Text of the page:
The 2-0 win looked rather good on paper, but Oranje could very well have ended up losing the game had the Turks had a bit more luck, and Van Gaal would be wise to take things one step at a time as he aims to rebuild his side. 

Gago and Brana are not good enough


Although Argentina secured a relatively comfortable 3-1 win over Paraguay in Cordoba, it was solely down to a diverse and hugely talented attack, with Angel Di Maria, Gonzalo Higuain and Lionel Messi scoring the goals to take the Albiceleste to the top of the Conmebol World Cup qualifying table.

But Alejandro Sabella's side do not possess the same depth in talent further back, and with Javier Mascherano out due to suspension, Argentina lacked defensive solidity more than ever. The combination of Fernando Gago and the 33-year-old Rodrigo Brana, who conceded an idiotic first-half penalty for handball, left the relatively new centre-back pairing of Ezequiel Garay and Federico Fernandez highly exposed.

The use of Brana is frustrating given the fact that he is highly unlikely to feature in Brazil in 2014, and so Sabella will be desperate to get the likes of Mascherano and Ever Banega back into the squad in order to patch up the frailties in his side that could see them suffer against higher quality opposition.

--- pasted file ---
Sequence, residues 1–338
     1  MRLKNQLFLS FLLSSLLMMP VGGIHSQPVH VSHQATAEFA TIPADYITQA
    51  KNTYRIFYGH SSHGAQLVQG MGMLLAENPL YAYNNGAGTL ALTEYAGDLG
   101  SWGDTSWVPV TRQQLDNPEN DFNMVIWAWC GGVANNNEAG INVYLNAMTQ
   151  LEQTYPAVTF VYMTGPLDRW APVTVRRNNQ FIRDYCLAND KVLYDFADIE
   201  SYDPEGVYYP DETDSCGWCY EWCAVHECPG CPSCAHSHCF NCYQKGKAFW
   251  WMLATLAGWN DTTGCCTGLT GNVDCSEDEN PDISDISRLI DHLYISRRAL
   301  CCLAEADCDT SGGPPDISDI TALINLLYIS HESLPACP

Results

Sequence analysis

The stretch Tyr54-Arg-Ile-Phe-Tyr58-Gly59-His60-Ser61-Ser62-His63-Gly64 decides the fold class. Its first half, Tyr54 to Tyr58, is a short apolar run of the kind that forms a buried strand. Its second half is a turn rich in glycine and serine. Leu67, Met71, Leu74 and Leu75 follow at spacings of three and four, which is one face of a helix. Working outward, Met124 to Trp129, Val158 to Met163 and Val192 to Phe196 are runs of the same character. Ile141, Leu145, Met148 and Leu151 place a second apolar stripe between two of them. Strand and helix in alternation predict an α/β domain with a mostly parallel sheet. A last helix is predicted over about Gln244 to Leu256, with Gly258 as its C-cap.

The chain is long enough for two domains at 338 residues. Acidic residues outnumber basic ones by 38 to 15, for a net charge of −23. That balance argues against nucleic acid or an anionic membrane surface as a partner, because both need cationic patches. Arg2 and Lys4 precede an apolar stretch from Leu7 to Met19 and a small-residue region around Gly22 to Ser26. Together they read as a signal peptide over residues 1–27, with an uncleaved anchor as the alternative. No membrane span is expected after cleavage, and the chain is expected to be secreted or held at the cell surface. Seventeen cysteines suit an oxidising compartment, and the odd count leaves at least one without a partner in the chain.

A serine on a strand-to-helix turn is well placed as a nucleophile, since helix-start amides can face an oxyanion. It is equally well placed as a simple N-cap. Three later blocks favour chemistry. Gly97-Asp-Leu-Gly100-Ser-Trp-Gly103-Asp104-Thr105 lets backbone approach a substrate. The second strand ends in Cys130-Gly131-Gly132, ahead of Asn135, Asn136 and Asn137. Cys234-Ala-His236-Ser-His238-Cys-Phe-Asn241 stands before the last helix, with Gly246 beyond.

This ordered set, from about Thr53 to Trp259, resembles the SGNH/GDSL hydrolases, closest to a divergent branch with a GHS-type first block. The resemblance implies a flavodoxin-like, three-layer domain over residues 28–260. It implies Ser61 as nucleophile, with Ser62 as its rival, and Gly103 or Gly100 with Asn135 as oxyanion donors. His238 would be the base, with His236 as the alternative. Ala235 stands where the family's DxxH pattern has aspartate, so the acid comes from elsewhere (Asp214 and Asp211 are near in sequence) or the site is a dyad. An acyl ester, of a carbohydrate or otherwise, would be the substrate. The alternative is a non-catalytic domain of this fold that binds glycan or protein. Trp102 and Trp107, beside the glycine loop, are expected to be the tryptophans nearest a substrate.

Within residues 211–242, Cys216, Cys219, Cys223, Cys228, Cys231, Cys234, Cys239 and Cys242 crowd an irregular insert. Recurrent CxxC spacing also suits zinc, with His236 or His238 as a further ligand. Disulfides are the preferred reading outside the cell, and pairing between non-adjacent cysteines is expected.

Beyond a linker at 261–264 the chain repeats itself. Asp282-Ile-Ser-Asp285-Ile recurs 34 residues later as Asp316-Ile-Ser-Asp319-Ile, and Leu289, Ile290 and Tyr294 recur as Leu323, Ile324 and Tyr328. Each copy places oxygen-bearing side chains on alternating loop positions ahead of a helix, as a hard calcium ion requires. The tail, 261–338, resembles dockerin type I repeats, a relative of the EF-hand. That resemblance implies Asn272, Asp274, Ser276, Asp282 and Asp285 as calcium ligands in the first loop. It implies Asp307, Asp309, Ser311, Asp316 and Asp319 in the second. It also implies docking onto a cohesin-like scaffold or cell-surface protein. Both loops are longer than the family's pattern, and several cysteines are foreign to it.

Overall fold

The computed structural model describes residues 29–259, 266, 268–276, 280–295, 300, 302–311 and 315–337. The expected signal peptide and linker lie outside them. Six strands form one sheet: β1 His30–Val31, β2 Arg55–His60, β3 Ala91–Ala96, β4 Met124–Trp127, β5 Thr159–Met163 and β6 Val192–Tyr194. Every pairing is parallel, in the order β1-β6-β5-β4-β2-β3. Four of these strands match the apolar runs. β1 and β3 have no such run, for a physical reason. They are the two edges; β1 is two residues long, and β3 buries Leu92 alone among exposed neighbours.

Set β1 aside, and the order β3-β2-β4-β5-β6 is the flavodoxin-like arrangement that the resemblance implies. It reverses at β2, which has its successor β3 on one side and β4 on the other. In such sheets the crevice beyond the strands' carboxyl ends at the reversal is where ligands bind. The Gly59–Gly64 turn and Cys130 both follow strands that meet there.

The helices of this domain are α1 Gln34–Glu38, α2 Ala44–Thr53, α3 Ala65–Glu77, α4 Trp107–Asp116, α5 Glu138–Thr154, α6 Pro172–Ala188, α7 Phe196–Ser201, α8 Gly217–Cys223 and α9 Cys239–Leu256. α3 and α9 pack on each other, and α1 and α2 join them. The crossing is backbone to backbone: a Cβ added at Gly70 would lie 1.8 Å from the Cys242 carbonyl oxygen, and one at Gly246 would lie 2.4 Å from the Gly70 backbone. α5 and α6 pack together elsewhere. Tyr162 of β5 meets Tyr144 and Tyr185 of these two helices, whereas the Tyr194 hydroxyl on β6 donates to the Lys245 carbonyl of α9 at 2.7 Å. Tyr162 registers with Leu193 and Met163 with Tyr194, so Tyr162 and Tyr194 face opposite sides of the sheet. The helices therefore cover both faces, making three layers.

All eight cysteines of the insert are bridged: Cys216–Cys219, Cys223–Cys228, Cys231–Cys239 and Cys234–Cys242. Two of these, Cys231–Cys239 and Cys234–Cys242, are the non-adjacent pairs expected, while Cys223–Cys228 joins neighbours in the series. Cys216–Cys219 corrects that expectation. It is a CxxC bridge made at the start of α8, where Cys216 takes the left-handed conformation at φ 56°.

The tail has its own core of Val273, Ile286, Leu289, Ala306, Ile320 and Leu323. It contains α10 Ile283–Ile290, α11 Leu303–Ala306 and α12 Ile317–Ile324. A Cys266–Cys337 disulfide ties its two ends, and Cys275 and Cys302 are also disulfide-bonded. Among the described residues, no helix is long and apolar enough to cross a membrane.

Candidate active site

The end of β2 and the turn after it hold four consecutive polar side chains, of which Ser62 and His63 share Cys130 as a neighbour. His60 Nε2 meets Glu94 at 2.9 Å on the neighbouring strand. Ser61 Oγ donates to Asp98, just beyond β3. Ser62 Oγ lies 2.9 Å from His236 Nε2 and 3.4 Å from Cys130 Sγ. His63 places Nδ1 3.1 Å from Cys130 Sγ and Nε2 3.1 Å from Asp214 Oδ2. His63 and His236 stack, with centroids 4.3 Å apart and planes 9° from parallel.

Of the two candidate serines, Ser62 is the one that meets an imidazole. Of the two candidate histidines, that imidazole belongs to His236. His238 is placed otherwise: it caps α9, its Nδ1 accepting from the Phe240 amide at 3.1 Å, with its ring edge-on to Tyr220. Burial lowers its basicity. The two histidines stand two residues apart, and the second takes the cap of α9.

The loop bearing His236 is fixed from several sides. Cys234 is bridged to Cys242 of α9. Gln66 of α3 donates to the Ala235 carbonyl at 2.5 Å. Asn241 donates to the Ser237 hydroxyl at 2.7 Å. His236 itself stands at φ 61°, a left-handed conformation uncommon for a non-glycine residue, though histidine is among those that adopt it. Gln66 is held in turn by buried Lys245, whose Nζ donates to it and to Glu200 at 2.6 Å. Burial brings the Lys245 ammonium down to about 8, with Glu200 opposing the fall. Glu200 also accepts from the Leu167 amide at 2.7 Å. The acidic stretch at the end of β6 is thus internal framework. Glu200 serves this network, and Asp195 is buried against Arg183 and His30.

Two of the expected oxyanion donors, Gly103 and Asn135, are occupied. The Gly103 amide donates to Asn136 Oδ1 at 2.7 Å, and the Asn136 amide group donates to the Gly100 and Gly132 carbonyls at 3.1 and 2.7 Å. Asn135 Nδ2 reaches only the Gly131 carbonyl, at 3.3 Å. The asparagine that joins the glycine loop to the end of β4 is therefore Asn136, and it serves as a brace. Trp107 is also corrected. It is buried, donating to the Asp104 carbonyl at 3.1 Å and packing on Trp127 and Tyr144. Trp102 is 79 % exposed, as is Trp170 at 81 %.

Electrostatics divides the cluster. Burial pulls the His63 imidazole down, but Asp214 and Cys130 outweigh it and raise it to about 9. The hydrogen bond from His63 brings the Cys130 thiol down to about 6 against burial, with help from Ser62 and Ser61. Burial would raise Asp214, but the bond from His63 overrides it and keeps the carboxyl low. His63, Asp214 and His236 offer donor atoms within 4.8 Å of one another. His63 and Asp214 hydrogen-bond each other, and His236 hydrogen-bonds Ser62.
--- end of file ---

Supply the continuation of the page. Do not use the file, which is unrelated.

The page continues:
Moutinho shows Spurs what they missed


Portugal - and the football world - were stunned when Daniel De Mota put Luxembourg ahead after just 13 minutes, but the biggest shock in recent international football history was promptly averted when captain Cristiano Ronaldo once again answered his country's call for aid, finishing smartly to restore parity to proceedings and a faint smile to his face.

But while Portugal were well shy of their best, one man who shone for the somewhat dulled Seleccao was Joao Moutinho. Yes, the opposition were not the strongest Paulo Bento's side will ever face, but Moutinho recaptured some of his brightest Euro 2012 form as he pulled the strings in the middle of the park and set up Helder Postiga for the winner with a typically measured pass. It must have made for bitter-sweet viewing for Andre Villas-Boas: the Tottenham boss failed to land the Porto maestro on deadline day, and would have watched him guide his country to victory on Friday night with the kind of slick passing display so sorely needed at White Hart Lane this season.